A Sacred Space for Contemplation and Learning
A Labyrinth offers a physical and spiritual experience. A journey to ourselves that each of us will experience in our own way. As we put one foot in front of the other, we follow a path that leads us to the center of our own being.
The Bethlehem Labyrinth is open to everyone and is located just off of Arbot Road, west of the Centre’s main entrance. We invite our Westwood neighbours, visitors, guests and the public to come…uncoil.
Labyrinths have been used for centuries as tools for both health and spiritual practice, offering various benefits to individuals who engage with them.
People use labyrinths for spiritual enlightenment and in response to everyday life situations and passages. Research studies conducted in a variety of settings consistently have shown that walking a labyrinth reduces stress. The labyrinth is walked for many different reasons, including
- Meditation and Contemplation
- Mindfulness and Presence
- Centering and Balance
- Symbolizim and Transformation
- Physical Exercise and Mental Health and Well-being
- Community and Connection
- Supporting Grief and Loss
As a path for healing, Labyrinths are seen in many hospices, hospitals, prisons and educational settings. There are currently approximately 150 to be found at post-secondary institutions where they are used for ceremonies and memorials, research and learning, creative studies, as well as the peaceful and contemplative aspects of walking a labyrinth.
How to Walk the Labyrinth
Take a moment to stand at the entrance and reflect on your intention. You might enter with a question, a statement, or an image; perhaps with prayers or meditation for a particular person or situation. You may want to reflect on the past or walk into your dreams and goals.
Keep your intention in your heart and soul with each step. Responses and intuitions may come in the form of words, feelings, awareness, images, or just knowing.
Reverend Lauren Artress. Canon of Special Ministries at Grace Cathedral in San Francisco proposes using the 3 R’s in walking a labyrinth:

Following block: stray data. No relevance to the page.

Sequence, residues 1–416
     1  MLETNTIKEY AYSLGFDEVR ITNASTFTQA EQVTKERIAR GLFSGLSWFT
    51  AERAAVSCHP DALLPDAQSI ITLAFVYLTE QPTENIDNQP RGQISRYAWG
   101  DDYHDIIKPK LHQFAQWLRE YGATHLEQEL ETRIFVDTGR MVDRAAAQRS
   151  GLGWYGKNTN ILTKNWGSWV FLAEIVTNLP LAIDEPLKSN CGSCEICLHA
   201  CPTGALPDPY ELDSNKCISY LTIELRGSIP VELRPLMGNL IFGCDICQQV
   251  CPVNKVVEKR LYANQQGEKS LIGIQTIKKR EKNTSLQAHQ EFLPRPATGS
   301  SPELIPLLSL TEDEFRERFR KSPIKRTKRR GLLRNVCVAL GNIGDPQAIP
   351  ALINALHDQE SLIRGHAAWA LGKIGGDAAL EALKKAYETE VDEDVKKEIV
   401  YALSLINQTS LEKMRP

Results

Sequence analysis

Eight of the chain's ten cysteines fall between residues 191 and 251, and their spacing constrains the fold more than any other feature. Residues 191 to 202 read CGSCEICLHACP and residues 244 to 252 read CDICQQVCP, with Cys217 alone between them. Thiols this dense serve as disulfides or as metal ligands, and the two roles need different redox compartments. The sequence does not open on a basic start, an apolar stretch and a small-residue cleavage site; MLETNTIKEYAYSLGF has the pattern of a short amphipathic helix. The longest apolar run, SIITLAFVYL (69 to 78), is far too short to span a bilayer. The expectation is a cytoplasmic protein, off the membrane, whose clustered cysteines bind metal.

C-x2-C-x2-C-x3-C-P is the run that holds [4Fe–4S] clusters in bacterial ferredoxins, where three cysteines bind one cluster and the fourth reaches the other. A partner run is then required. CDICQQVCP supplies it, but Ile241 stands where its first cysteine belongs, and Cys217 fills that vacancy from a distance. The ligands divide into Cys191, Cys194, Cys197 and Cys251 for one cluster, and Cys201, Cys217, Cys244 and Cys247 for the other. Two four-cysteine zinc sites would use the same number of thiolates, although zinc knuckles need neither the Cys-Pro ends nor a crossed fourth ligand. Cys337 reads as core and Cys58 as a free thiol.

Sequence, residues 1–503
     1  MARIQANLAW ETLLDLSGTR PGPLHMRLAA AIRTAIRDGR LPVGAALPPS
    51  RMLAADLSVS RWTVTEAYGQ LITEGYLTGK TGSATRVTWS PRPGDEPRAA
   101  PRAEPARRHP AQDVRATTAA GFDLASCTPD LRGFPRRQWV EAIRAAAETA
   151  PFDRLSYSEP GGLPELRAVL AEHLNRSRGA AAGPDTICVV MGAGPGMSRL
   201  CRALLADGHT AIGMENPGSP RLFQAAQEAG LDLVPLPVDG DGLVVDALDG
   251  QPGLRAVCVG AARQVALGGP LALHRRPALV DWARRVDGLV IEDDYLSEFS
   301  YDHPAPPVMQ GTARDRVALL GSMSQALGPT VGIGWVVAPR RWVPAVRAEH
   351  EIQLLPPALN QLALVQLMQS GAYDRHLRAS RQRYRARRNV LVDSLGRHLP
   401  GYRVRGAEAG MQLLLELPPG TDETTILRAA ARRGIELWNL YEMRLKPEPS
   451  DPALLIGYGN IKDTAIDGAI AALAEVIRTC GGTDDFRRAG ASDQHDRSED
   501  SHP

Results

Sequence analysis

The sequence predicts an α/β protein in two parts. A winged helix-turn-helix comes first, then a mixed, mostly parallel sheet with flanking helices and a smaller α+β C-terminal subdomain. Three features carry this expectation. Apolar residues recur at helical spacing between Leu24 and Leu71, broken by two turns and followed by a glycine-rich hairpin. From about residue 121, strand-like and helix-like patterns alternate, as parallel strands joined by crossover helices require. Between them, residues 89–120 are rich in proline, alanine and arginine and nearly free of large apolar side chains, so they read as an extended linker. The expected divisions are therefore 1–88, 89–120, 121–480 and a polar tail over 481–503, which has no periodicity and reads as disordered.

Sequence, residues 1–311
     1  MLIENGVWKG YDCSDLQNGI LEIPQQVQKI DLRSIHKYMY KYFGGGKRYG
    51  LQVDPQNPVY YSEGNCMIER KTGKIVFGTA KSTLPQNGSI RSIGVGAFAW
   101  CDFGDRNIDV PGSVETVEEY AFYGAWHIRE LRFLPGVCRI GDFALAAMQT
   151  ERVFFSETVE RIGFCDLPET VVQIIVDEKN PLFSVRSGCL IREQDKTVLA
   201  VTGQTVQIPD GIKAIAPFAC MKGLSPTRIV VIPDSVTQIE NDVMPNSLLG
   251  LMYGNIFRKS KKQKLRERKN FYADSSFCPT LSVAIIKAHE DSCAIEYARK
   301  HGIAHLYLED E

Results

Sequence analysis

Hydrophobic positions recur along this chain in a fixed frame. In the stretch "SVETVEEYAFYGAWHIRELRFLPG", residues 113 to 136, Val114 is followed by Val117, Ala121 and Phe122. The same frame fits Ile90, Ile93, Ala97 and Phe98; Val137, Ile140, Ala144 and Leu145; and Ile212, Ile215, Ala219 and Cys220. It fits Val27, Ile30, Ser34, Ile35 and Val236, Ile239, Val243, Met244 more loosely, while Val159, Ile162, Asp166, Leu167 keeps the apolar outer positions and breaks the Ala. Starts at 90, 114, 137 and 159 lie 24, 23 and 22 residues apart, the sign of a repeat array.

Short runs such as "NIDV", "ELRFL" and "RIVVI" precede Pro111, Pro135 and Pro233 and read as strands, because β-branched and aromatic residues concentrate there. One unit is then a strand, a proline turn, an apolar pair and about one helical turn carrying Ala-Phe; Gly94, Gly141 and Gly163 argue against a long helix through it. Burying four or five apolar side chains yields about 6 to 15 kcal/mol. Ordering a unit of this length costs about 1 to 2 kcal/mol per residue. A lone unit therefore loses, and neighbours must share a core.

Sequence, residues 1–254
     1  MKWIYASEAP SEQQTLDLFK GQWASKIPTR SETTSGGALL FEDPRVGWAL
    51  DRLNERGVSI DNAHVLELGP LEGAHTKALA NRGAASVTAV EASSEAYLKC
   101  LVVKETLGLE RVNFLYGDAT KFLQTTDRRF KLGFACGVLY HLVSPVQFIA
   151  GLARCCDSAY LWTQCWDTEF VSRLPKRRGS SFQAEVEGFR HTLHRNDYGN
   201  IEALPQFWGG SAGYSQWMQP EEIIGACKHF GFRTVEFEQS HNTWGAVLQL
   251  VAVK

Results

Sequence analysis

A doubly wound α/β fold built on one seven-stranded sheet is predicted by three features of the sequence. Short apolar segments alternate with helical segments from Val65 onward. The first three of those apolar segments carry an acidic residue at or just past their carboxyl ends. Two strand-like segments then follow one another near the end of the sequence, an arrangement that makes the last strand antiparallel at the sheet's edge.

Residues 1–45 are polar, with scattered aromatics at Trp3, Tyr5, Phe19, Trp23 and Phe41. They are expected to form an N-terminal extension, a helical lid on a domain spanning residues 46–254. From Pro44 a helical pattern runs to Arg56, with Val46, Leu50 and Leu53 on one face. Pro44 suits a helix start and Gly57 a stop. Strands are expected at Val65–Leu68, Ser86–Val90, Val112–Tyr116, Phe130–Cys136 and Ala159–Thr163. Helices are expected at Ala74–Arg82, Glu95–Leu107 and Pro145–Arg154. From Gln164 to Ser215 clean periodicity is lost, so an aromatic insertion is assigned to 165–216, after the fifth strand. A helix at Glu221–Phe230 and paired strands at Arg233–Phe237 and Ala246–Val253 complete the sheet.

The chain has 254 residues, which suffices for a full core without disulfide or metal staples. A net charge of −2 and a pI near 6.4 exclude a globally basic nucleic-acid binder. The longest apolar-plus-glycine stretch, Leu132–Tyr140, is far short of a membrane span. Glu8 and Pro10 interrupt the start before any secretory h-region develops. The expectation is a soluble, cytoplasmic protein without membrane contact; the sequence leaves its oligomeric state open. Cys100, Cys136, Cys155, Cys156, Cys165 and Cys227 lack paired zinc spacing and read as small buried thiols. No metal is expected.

Releasing (walking into the labyrinth): Letting go of distractions, quieting the mind, opening your heart;
Receiving (pausing in the center): Listening to guidance, being present, meditating, prayer;
Returning (walking out of the labyrinth): Reflecting, resolving, and integrating the experience.
Other than respecting others who are on the path along with you, there are no rules for walking the labyrinth.
Godden Finger Labyrinth Museum
We invite you to explore the Godden Finger Labyrinth Museum. Each unique finger labyrinth is a tool for mediation and reflection.
Bill Godden created over 3,000 finger labyrinths in his lifetime and we are pleased to house a collection of his amazing works, all of which have been donated to Bethlehem by Bill and his family. The labyrinths are all created from recycled wood, and the variety and intricacy of his patterns have fascinated visitors, labyrinth facilitators, and educators.
Bill was a man who was characterized by imagination, devotion and generosity. Imagination – because who else would have conceived this unique and ambitious plan? Devotion, because he worked away diligently despite challenges that came his way. And generosity, because he insisted that there was never a charge for his labyrinths and gave them freely to hospices, retreat centres, schools and churches, as well as to practitioners who use them in facilitating events and retreats in a variety of settings.
Bill’s finger labyrinths are scattered in countries around the world in countries including Peru, Chile, Mexico, Britain, Holland, the United States and Canada. The Bethlehem Centre is honoured to be the home of this remarkable exhibit.
The Godden finger labyrinths are located in the Oak Room in the Centre’s main building. Please come and see us in the office before your visit.
Discover the rich history of Bethlehem Centre’s Peace Pole, originating over 23 years ago in 1999 through the efforts of Marjorey Hope. A profound symbol of unity, compassion, and peace, our Peace Pole stands as one of Vancouver Island’s earliest, carrying immense significance for the local community.
The global journey of Peace Poles began in 1976 in Ishikawa, Japan, where peace advocate Masahisa Goi’s vision spurred a movement. Today, over 200,000 Peace Poles worldwide promote a universal message of peace.
Bethlehem Centre joined this movement as an early adopter on Vancouver Island, thanks to Marjorey Hope and the Benedictine Sisters’ dedication. The Peace Pole embodies local commitment to peace and unity, serving as a beacon of hope and a reminder of the power of nurturing peace within ourselves and our communities.
Filled with 1000 prayers since 1999, the Peace Pole reflects diverse aspirations for conflict-free, compassionate world. It’s a tribute to individuals like Marjorey Hope and a call to foster unity, understanding, and harmony.